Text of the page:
I had the opportunity to see the film Detropia last Friday (it's showing at The Charles Theater for the next week I believe). It's been here before (it played during the Maryland Film Festival) but I missed it. The trailer:
Detropia seeks to tell a triple-layered story, of Detroit the city, of the American rustbelt city post-Crisis, and of her residents. I think the work will find purchase the same way the directors' last work found purchase. But I don't believe the movie is worth the accolades it has received. Largely because it does little to deconstruct the ruin-porn viewpoint that already defines the city.
We see this as early as the first few scenes, where we see Detroit videoblogger Crystal Starr navigate the ruins of what appear to be (based on location) Cass Technical High School–Diana Ross' alma mater (and incidentally, my sister's as well), walking through the auditorium, making her way up to the rooftop overlooking downtown. The choice of Starr as tour guide is inspired in as much as it allows the film-makers to semi-dodge the sticky issue of racial voyeurism. And this narrative of decay is repeated throughout, whether we are talking the physical decay represented by the ruins (and of course no Detroit ruin-porn documentary would be complete without a visit to the train station) or the social decay represented by the death of the automotive industry. The major characters they follow, Starr, George McGregor President of Local 22 tasked to save jobs, Tommy Stevens owner of the Ravens Bar and Lounge, are fairly fleshed out. We see them struggle valiantly to sustain themselves and the people they work with (Stevens and McGregor more than Starr given their positions and age). And we see them think through the devastation–they understand exactly what they're facing even if they have to brave the devastation with a put-on "happy" face.
Further, by juxtaposing the scenes of decay with images of Detroit's Opera House, the film-makers attempt to show some of the contradictions embedded in the city. And they enhance these contradictions with expert voice-overs who talk clearly about how Detroit happened.
Finally we see Mayor Dave Bing struggling with the fiscal challenges brought about by demographic (and geographic) realities. And as Dave Bing looks to shrink the city in order to provide services more efficiently, we see resident push-back. The same type of push-back the members of Local 22 engage in–push-back likely to fail horribly given the forces arrayed against them.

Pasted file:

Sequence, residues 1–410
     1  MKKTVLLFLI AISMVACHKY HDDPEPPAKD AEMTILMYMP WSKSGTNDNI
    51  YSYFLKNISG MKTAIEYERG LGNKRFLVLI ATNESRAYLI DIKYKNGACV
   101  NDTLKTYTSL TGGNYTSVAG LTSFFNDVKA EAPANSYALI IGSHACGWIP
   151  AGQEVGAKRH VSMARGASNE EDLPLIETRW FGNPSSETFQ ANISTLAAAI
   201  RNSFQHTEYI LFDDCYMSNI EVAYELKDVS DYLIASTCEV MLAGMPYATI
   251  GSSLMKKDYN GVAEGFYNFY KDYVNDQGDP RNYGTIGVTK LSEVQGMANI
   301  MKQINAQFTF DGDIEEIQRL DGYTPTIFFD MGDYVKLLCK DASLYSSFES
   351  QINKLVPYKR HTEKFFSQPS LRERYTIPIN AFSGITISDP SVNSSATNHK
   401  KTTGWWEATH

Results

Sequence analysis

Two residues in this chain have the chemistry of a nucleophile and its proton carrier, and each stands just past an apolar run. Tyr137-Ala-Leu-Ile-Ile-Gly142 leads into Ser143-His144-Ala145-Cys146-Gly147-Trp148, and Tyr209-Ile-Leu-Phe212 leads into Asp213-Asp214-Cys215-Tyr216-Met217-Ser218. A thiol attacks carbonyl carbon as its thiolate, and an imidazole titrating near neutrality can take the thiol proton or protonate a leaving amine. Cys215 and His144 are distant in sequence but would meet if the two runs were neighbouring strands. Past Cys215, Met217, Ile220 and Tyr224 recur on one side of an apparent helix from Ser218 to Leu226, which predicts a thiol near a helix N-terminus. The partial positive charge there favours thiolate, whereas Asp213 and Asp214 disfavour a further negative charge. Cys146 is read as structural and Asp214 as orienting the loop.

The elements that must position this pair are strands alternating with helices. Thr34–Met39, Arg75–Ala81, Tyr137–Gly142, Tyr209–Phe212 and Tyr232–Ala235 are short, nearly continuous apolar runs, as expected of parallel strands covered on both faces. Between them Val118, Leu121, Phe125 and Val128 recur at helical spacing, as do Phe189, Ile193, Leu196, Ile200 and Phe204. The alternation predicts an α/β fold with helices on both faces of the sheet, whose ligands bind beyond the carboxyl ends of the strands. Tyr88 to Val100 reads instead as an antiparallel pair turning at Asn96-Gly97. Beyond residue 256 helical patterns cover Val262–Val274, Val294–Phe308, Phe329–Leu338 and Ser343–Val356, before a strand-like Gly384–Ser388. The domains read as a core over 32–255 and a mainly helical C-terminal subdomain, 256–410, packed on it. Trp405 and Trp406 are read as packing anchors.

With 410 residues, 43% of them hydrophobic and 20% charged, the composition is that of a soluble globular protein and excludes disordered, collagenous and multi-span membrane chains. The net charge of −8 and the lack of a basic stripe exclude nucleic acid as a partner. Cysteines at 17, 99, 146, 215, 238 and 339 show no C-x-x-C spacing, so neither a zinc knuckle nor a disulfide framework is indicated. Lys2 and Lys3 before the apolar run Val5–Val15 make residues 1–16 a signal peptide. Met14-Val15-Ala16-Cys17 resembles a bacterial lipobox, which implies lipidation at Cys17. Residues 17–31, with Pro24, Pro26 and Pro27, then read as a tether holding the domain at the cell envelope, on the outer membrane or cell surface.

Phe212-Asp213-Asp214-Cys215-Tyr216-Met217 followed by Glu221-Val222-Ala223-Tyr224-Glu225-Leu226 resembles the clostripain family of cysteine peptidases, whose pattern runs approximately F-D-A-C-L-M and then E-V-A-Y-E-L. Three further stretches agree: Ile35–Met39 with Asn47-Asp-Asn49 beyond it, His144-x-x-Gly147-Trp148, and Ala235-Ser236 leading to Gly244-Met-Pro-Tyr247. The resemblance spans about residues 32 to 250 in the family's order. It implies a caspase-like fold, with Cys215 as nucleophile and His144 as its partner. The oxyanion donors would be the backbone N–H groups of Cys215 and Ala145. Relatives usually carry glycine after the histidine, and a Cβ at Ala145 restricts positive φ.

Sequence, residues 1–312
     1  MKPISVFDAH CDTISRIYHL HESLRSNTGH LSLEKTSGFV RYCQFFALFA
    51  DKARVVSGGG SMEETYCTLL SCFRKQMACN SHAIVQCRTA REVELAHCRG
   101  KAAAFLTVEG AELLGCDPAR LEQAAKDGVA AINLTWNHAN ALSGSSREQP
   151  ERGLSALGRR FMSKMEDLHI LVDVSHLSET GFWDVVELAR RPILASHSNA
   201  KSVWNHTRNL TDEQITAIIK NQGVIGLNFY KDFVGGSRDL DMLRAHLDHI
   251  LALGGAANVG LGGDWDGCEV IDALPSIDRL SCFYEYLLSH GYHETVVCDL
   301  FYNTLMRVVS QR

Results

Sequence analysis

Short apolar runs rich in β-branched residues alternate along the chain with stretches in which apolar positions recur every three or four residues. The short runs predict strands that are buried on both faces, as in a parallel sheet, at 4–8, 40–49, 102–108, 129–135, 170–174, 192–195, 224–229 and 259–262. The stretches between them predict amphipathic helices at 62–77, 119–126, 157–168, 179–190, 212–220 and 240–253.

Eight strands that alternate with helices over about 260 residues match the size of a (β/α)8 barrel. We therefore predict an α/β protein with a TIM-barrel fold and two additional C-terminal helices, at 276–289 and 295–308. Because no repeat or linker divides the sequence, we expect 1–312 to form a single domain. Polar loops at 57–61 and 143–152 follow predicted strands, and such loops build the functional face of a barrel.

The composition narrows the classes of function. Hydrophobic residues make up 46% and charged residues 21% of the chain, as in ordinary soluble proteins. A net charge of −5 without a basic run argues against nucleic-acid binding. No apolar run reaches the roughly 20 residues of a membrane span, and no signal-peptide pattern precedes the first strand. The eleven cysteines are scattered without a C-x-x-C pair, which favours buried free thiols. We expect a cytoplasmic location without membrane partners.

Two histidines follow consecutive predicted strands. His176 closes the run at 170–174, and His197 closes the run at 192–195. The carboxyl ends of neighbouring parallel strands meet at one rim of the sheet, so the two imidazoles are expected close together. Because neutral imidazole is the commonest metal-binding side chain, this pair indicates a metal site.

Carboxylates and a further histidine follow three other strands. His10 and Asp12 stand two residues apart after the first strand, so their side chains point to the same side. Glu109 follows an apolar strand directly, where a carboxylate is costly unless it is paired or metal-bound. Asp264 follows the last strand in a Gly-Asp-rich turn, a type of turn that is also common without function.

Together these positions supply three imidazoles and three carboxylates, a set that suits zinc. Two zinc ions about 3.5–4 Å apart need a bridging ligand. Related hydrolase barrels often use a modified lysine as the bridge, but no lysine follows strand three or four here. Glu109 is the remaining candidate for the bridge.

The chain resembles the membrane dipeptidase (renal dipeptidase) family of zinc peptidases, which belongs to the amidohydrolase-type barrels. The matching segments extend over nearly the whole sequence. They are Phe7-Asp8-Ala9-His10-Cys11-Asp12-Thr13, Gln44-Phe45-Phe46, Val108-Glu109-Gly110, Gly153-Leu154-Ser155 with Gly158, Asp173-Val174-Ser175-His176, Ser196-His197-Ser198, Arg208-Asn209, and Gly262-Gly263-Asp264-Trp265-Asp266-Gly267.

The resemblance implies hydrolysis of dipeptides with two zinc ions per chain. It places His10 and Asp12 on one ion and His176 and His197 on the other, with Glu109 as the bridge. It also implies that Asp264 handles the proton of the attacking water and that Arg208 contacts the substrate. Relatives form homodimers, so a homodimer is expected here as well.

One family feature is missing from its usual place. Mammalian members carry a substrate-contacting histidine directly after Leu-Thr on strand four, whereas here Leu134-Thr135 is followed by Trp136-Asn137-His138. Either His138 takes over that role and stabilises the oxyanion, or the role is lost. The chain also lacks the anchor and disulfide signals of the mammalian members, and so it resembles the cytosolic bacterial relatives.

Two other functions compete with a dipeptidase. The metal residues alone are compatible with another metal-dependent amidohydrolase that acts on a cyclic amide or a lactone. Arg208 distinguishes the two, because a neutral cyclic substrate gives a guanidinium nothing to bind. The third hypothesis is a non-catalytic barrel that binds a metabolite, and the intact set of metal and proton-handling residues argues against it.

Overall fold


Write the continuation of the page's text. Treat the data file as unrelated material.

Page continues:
But they don't go dig deep enough.
I'm going to go back to Cass Tech.
Based on the film, this is what you'd expect Cass Tech to look like:
And yes, it does. But that's the OLD Cass Tech.
The new one? The one RIGHT NEXT DOOR?
Think about that. Every documentary leaves dozens of hours on the cutting room floor in order to enhance the central narrative. And every documentary maker has to make decisions about what to cut and what to leave in. Here they made a tactical decision to focus on the ruins even though its new gleaming successor is right next door.
They do examine tendrils of political resistance–but only tendrils. We see the members of Local 22 fight to reclaim a fifties/sixties era vision of Detroit manufacturing. We see the brothers talking shit on their porch. We see the sister tell Mayor Bing she won't tolerate the cuts to the city. We don't have any sense something like Detroit Summer exists. Or the Allied Media Conference. Or Detroit Digital Justice.
Understand that I'm not asking for a "positive" image of Detroit to counteract the "negative" image presented by the ruin-porn industry. But I'm reminded of Something Something Something. Detroit isn't simply one city, one space. It's several spaces layered over, next to, within, and through each other. In The City and The City, China Mieville tells the story of two cities literally existing within the same geographic space but operating on subtly different dimensional planes–through magic the denizens of one city are able to "unsee" the other (and vice-verca).
By focusing on a set of tropes the viewer is already familiar with (ruin porn? check. ruined auto industry? check. shrinking city? check. white hipster artists? check.) the film-makers miss an EXCELLENT opportunity to examine Detroit's multi-hued, multi-layered, terrible glory. It's an absolutely beautiful film, littered (so to speak) with sparse impressionistic shots.
I'll be damned though if I didn't come out of that film wishing they'd done a hell of a lot more than what they did.
So glad there's Imaging Detroit.